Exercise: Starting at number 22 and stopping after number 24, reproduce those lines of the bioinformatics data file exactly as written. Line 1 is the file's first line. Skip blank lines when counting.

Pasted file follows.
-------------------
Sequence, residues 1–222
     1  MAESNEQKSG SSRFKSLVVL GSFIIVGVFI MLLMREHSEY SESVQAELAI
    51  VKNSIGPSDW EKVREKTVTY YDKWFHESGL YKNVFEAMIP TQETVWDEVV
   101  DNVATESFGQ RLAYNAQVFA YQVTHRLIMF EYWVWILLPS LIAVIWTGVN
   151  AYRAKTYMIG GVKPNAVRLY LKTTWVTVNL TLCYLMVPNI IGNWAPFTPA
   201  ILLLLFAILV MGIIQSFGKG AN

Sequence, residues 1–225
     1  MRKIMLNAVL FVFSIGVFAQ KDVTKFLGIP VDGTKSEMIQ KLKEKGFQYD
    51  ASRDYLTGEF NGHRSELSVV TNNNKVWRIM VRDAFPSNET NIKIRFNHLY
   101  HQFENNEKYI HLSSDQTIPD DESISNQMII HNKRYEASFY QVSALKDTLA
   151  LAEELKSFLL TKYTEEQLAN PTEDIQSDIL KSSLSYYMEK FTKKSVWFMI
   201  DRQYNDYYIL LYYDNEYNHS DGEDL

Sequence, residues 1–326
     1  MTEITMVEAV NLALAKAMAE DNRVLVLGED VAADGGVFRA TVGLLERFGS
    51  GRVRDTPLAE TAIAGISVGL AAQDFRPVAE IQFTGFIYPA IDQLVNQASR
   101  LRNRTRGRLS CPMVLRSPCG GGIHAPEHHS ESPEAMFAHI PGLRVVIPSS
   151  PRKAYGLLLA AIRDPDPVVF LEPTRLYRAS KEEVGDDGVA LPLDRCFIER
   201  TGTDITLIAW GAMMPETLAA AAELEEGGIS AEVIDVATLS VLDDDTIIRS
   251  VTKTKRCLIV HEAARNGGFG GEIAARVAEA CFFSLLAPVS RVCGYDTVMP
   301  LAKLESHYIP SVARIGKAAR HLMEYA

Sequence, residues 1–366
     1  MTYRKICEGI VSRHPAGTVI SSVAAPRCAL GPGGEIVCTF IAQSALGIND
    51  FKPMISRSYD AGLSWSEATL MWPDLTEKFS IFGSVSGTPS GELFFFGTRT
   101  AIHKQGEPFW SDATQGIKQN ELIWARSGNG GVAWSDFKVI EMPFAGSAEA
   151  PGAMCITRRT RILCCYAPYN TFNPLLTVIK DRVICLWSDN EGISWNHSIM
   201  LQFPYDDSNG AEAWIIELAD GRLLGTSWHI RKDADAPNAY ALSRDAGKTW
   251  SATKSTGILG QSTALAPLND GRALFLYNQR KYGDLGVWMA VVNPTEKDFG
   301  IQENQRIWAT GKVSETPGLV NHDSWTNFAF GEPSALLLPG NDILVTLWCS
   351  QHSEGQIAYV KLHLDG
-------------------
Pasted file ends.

     1  MTYRKICEGI VSRHPAGTVI SSVAAPRCAL GPGGEIVCTF IAQSALGIND
    51  FKPMISRSYD AGLSWSEATL MWPDLTEKFS IFGSVSGTPS GELFFFGTRT
   101  AIHKQGEPFW SDATQGIKQN ELIWARSGNG GVAWSDFKVI EMPFAGSAEA